Longtime U.S. Rep. Peter DeFazio, D-Springfield, and his challenger, Republican Alek Skarlatos of Roseburg, have proven they have strong support within their respective bases.
Each had one competitor in Tuesday’s primary, and each won more than four-fifths of the vote in his race. In raw numbers, DeFazio finished with 90,300 votes and Skarlatos with 66,641.
But Oregon has a closed primary system, which means only Democrats and Republicans were allowed to vote this time.
In November, a whole new group of voters will be at play.
A study of the numbers by The News-Review shows the path to victory in the battle for the House District 4 seat clearly runs through the unaffiliated voters.
There are more unaffiliated voters — voters who are not a member of any party — than there are Republicans in District 4. There are also more unaffiliated voters than there are Democrats.
The Oregon Secretary of State reports the most recent voter registration numbers, from April 2020, include 158,723 District 4 Republicans, 188,698 Democrats and a whopping 194,389 unaffiliated voters.
In fact, those 194,389 unaffiliated voters are a larger group than the 184,205 Democrats and Republicans combined who voted in Tuesday’s primary.
As more people register and some switch parties between now and the general election, the numbers in each party will shift.
But as it stands now, District 4 voters are 27.3% Republican, 32.5% Democrats and 33.5% unaffiliated.
It’s likely that whomever captures that unaffiliated vote will win the race.
So how will that vote swing?
In the past five elections, DeFazio has gone up against Republican Art Robinson. Each time, he defeated him, with wins ranging between 54.6% and 59.1% of the total vote. Robinson’s losses ranged between 37.6% and 43.7% of the vote.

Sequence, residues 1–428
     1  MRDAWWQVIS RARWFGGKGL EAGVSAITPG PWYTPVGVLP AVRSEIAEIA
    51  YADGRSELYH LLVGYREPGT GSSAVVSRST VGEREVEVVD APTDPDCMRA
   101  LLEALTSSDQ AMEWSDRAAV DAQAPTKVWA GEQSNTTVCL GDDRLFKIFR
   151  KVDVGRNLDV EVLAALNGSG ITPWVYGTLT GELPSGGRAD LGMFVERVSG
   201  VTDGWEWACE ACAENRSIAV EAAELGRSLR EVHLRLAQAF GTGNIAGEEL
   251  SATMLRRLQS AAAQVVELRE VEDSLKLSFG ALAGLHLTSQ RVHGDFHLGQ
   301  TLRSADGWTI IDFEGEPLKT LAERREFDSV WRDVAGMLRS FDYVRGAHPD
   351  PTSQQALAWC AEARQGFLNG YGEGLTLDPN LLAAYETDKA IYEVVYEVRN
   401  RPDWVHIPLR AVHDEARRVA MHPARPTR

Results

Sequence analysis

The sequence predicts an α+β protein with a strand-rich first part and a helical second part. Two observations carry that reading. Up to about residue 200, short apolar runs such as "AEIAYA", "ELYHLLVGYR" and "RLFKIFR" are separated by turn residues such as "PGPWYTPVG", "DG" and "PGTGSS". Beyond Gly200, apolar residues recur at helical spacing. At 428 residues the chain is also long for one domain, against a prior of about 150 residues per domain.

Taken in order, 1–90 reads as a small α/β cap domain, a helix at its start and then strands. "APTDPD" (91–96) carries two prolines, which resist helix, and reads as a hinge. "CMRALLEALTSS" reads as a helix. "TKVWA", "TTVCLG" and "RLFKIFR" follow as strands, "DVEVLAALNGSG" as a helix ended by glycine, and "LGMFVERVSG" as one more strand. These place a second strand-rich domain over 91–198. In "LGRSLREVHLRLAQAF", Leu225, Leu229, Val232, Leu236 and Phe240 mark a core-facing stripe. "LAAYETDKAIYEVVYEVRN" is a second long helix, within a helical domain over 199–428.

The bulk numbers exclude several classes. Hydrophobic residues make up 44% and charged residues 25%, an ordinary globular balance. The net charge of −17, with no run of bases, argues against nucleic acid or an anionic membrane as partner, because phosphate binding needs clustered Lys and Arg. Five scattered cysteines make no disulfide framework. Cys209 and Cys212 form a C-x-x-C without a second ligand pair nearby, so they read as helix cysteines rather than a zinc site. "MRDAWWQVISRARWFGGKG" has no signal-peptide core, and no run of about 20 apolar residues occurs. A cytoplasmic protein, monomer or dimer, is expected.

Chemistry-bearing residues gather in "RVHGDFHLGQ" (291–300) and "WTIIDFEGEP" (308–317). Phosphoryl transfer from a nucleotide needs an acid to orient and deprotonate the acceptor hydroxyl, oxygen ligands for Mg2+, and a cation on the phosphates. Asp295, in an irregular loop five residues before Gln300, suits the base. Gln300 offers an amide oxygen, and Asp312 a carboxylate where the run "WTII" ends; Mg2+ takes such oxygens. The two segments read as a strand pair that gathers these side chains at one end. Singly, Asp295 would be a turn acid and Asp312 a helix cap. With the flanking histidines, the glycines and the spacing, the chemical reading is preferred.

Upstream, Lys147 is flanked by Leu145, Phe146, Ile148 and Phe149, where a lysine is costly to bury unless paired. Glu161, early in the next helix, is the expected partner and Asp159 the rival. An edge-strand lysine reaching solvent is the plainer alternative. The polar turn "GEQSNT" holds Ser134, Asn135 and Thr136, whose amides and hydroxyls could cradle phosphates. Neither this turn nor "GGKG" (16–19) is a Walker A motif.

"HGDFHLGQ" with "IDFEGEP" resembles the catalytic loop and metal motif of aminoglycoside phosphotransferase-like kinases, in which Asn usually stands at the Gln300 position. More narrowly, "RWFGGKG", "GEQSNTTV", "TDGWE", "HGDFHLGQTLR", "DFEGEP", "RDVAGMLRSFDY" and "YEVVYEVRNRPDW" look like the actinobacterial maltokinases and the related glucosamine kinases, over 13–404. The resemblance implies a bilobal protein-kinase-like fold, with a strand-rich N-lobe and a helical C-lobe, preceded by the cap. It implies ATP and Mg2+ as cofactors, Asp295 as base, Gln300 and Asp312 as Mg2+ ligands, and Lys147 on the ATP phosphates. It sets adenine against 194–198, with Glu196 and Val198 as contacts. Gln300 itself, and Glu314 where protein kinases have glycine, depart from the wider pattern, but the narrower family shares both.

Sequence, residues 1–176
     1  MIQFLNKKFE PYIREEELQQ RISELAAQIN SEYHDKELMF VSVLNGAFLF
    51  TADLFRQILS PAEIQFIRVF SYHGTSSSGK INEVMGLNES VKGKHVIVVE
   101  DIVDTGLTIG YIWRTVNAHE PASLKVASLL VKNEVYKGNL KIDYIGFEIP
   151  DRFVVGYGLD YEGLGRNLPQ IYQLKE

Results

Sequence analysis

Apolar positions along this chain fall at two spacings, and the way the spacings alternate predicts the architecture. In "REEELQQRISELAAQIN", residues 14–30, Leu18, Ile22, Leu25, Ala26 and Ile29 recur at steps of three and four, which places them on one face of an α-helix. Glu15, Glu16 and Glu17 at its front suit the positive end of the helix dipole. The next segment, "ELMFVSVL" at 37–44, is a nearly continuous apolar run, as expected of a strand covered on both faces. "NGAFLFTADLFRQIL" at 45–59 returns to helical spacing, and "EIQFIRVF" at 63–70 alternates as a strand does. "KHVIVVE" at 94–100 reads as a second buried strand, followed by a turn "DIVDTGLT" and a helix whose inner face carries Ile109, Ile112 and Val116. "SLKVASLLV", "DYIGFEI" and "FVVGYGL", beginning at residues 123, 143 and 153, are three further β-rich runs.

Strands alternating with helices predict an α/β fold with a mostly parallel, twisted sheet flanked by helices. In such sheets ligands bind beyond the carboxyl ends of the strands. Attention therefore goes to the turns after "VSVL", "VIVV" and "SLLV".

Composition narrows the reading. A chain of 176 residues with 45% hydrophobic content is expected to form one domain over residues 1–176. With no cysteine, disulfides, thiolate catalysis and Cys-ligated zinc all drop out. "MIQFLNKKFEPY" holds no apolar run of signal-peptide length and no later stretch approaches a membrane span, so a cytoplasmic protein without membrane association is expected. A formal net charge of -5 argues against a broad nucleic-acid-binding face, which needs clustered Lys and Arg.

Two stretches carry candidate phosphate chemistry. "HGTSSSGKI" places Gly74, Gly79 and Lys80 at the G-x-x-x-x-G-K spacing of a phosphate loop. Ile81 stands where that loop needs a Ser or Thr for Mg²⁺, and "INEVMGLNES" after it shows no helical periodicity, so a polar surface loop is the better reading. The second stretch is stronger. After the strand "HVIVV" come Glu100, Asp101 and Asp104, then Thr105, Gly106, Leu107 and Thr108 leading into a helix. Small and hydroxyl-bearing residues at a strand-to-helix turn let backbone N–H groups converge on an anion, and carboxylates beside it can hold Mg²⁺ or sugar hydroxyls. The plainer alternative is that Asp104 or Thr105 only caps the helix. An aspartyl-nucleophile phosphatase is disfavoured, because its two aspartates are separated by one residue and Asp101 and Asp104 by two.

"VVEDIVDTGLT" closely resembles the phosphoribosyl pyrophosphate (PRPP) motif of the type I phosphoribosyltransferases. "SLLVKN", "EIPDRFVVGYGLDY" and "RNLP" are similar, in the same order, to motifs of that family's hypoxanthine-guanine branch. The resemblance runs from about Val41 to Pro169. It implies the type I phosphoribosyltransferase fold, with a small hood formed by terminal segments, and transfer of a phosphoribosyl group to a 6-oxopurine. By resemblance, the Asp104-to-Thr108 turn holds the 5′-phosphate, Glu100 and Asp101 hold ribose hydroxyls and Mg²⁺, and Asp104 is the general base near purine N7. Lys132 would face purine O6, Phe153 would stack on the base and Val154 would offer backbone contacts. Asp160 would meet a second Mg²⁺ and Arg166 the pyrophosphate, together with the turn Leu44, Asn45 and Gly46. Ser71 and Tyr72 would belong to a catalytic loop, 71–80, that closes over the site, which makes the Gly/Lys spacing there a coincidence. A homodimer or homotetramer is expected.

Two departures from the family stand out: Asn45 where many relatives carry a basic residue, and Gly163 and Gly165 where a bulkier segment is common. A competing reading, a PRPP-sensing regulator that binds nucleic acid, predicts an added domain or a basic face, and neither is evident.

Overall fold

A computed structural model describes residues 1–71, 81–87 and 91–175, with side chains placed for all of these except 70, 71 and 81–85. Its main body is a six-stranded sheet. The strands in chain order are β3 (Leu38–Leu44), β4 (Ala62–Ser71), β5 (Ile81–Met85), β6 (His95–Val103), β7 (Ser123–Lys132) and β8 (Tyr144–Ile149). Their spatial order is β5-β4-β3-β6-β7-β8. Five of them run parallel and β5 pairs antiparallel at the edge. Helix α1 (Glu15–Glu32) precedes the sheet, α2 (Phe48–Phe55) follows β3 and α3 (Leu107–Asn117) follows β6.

Those figures, while they include voters in all parties and unaffiliated voters combined, suggest that DeFazio has been successful with unaffiliated voters in past races.
He also has plenty of campaign cash to woo this year’s unaffiliated voters.
But Skarlatos may be starting to catch up, having raised a bit more money than DeFazio in the first months of 2020.
The Washington, D.C.-based newspaper Roll Call reported the National Republican Congressional Committee had listed DeFazio as one of its “initial 2020 targets,” in the belief that the 4th District could be moving in their direction.
Skarlatos said DeFazio has moved too far to the left for District 4 voters.
“I think Peter DeFazio also hasn’t had to run a campaign like this before,” Skarlatos said in an interview Tuesday. “I mean, to be fair, the independents really didn’t have a home, and we’re going to win the middle on the common sense issues that most people care about.”
DeFazio has said he thinks Oregonians will see through the tactics of the National Republican Congressional Committee’s attempts to “manipulate this district.”
“Skarlatos believes that we should maintain and extend tax cuts for billionaires and corporations while working Oregonians are suffering and paying the price,” DeFazio said in a written statement Tuesday. “He vehemently opposes common-sense gun legislation, such as universal background checks, and recently declared that ‘gun control does not work.’”
Another critical issue, and one that could be a bit of a wild card, is turnout. This is a presidential election year, and that means turnout in November could well be double that of Tuesday’s primary. So an enthusiastic base is still important for each candidate.
Oregon’s primary tunout Tuesday was just 42%. In 2016, the last presidential election year, statewide turnout was 80%.
That was also the first year of the state’s Motor Voter registration, too, in which people obtaining or renewing their driver’s licenses were automatically registered to vote. They were registered unaffiliated unless they returned a card in the mail choosing a party.
In that year, there were 190,833 registered Democrats, 155,575 Republicans and 134,505 unaffiliated.
Unaffiliated voters can be more apathetic than party voters.
In 2016, they voted at a much lower rate, with 59.7% turning in a ballot, compared with 88% of Democrats and 89.3% of Republicans.